James Backhouse and Andrew Woolfall from Backhouse Jones Solicitors summarise the changes to tachograph technology.

Introduction

Tachographs are fitted to some six million trucks and buses throughout the EU. They are designed to allow a driver’s activity to be monitored so as to create a harmonisation of working conditions throughout Europe, prevent fatigue, protect public safety and ensure fair competition and conformity with the law. The European Commission estimates that tachograph compliance costs the transport industry €2.7 billion. Whilst we have had the digital tachograph for many years now, June 2016 will see the next stage in its development including new data being recorded, the approach to enforcement and integration with other systems.

EU Regulations, in March 2016, laid the pathway for the introduction of the next generation “smart tachograph”. These new devices aim to reduce the administrative burden on the transport industries (covering both goods and passenger vehicles) and to eliminate the most serious forms of tampering or offence. Vehicles registered for the first time on or after 15 June 2019 will now have to be fitted with the new smart tachograph.

These new digital tachographs will incorporate a number of changes taking advantage of advances in technology and implementing many systems that some operators believe should have been present right from the first generation models.

Smart tachographs will see the introduction of Global Positioning System (GPS) for positioning and tracking a vehicle, remote enforcement capabilities and the ability to link the units to vehicle telematics systems. For many operators, the ability to see what a driver is doing in “real time” will be a huge bonus. For others, when one joins these developments to initiatives such as the now launched Driver and Vehicle Standards Agency (DVSA) “earned recognition” scheme (see also Earned Recognition and Roadside Stops in the feature, The changing face of enforcement in 2019), it may lead to accusations that the authorities want to snoop even further into their businesses.

1. Automated recording of precise location

The smart tachograph will automatically record the vehicle’s location using GPS at the following points:

  • the starting place of the daily working period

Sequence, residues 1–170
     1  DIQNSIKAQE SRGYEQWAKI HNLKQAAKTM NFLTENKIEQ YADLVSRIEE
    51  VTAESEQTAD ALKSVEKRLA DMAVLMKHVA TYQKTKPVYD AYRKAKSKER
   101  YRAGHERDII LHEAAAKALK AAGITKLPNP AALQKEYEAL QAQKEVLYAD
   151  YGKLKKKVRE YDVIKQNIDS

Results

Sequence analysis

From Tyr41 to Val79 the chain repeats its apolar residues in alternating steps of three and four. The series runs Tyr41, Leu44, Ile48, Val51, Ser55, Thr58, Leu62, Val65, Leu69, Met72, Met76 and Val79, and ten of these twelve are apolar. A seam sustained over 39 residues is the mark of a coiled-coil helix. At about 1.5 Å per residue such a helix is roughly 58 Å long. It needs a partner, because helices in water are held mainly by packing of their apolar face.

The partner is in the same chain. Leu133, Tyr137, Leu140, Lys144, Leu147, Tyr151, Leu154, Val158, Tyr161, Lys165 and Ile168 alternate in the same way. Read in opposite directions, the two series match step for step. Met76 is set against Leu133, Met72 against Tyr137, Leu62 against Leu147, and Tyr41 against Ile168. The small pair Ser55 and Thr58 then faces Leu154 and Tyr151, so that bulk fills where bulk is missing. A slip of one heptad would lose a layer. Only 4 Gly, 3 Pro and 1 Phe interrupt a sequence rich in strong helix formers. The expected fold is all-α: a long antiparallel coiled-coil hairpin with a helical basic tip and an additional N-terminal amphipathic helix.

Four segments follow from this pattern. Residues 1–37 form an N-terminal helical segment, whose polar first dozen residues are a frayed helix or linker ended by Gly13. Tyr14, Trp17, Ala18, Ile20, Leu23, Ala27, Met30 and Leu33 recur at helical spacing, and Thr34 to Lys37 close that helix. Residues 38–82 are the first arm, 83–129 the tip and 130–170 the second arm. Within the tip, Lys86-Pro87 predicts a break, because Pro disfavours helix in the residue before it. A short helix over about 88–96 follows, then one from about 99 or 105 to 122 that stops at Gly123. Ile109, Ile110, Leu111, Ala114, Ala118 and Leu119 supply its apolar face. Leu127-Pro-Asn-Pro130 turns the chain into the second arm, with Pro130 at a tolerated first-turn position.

• every three hours of accumulated driving time

  • the end place of the daily working period.

Currently, the digital tachograph only records a country code, for example “GB”. This is something that requires a manual input from the driver. That was, though, seen by many enforcement officers as a backward step when digital tachographs were introduced given that vehicles could not be located to a town or area. This has led to the occasional issue of being unable to positively prove tachograph fraud or breaches of environmental conditions. The new system will automatically record the precise location and thus will go even further than the old manual entry on a tachograph chart. No longer can there be any issue as to whereabouts within a town where the vehicle was — now its precise location will be known to a matter of a few metres. Drivers will not be able to specify incorrect locations.

This will invariably be a time-saving tool for roadside enforcement officers trying to determine if tachograph data is accurate. Both the EC and the British Government have also tried to claim it will also be a saving for operators, given the driver will no longer have to push the “start/stop” location buttons — a saving of several seconds a day which was calculated to save operators €350 a year. Sensibly, this no longer appears to be part of the justification.

2. Roadside interrogation of the tachograph

With the new smart tachographs, roadside enforcement officers will, in the future, be able to wirelessly scan the data of passing vehicles, without having to stop them, to detect some potential offences. This will enable officers to decide whether there is a need to stop the vehicle or not, much in the same way as the weigh in motion sensors (WIMS) are used to detect potential overloading offences.